Companies that have a documented, comprehensive meetings policy that adheres to regulatory requirements enjoy less risk than companies that don't, suggests new research published today by American Express Meetings & Events.
Focused on life science companies, in particular, the research -- titled "Protect Your Profits: Mitigating Meetings Risk in Life Science Companies" -- found that 70.1 percent of life science companies have a formal meeting policy, although only 60 percent have crisis preparation guidelines.
"In order for companies to properly prepare for potential risk, planning ahead and establishing a meetings policy that adheres to regulatory requirements is critical," said Issa Jouaneh, senior vice president and general manager of American Express Meetings & Events. "Our white paper explores top meetings management trends, including how companies are implementing tighter controls, embracing risk management techniques, evaluating risk levels, and determining gaps in process and plans. At the same time, we found a disparity in views between meeting leaders who have direct or indirect responsibility for a meeting and those doing the actual planning. With this knowledge, companies can review their policies and determine the appropriate courses of action to minimize risks, balance the attendee experience, and the focus on realizing the business objectives of their meetings and events."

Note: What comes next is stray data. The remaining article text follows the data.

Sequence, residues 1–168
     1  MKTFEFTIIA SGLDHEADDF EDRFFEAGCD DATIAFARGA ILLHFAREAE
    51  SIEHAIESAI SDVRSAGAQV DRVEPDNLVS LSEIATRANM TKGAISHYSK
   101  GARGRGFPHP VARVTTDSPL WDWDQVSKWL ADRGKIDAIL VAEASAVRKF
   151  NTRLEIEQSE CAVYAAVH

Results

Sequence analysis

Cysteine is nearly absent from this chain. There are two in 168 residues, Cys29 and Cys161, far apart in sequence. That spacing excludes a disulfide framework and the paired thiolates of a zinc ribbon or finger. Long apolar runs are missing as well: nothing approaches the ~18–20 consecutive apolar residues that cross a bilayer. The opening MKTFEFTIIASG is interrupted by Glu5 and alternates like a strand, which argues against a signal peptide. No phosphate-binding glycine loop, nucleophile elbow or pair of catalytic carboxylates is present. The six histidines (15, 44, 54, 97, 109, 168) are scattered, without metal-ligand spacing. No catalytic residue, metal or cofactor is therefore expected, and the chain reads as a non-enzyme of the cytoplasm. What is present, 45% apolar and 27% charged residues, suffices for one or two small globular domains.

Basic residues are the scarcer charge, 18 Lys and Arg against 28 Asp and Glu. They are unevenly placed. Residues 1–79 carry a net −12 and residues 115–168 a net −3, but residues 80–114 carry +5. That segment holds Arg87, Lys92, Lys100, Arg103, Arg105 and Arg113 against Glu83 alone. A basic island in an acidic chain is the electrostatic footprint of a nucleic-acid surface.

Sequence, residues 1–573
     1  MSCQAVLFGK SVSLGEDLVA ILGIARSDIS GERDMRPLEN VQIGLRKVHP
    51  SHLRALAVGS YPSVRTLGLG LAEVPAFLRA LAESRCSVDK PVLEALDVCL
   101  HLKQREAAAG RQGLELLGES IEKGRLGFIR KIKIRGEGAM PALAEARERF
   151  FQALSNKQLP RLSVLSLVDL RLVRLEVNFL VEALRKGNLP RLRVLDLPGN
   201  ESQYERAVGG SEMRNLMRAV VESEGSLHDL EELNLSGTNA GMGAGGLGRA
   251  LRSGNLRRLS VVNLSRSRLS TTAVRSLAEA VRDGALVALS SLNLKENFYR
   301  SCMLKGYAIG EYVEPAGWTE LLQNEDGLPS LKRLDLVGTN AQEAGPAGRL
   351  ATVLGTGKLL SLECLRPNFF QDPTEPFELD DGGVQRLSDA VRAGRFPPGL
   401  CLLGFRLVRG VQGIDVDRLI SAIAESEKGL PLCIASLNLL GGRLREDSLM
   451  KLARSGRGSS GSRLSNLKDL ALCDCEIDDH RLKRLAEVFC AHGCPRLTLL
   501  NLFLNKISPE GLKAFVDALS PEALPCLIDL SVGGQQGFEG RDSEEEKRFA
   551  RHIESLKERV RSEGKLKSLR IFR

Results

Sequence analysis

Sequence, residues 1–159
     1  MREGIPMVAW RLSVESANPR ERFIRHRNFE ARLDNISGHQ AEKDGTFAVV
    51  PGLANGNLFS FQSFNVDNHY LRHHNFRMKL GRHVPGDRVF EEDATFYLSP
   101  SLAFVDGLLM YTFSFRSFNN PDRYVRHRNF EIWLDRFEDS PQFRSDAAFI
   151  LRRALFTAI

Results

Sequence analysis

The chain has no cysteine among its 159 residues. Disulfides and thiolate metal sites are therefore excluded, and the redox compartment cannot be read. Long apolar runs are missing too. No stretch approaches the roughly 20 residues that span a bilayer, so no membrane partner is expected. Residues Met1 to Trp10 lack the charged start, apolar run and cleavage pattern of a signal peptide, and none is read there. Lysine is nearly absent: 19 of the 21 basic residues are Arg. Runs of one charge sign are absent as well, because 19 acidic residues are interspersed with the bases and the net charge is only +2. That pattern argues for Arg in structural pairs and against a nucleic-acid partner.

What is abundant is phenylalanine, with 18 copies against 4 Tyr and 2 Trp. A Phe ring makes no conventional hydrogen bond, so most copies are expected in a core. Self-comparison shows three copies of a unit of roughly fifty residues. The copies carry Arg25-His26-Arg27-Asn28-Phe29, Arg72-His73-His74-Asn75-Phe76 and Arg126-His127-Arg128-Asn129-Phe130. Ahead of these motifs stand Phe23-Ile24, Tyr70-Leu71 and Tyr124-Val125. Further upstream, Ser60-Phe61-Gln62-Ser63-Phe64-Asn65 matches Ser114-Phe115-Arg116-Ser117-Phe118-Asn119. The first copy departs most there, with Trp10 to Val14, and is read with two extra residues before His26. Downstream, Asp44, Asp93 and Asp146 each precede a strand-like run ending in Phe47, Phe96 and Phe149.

Notably, the number of life science companies with a formal meeting policy exceeds the overall number -- companies across multiple industries -- by 26 percent.
"The … findings suggest life science companies have put in place tighter and more comprehensive controls than those of the broader corporate population," American Express Meetings & Events reported.
While their tighter controls give life science companies greater confidence in their ability to mitigate meeting risks, their confidence might be misplaced, suggested the study: Although 60.2 percent of survey respondents said meetings and events risk is mitigated properly in their organization, more than a third (36.4 percent) said they didn't know if compliance teams had reviewed their company's meeting processes within the past year; another 22.9 percent are certain no such review had taken place.
"Companies should not be comfortable with even 90 percent of respondents agreeing risk is being mitigated properly," Jouaneh said. "The stakes and penalties around non- compliance to industry regulations are very high."
Further underscoring companies' risk is the fact that many life science meetings are planned by administrative assistants instead of professional meeting planners: While administrative assistants self-report that they spend a little over 25 percent of their time on meeting and event planning, 54.2 percent of company leaders say administrative assistants plan more than half of their company's events.
Concluded American Express Meetings & Events, "Perhaps the most favorable news is that 92.3 percent of the administrative assistant planners in the white paper report that they use the policy that is in place. This could indicate that if processes and policies are in place and well-communicated and understood, then they are more likely to be followed."
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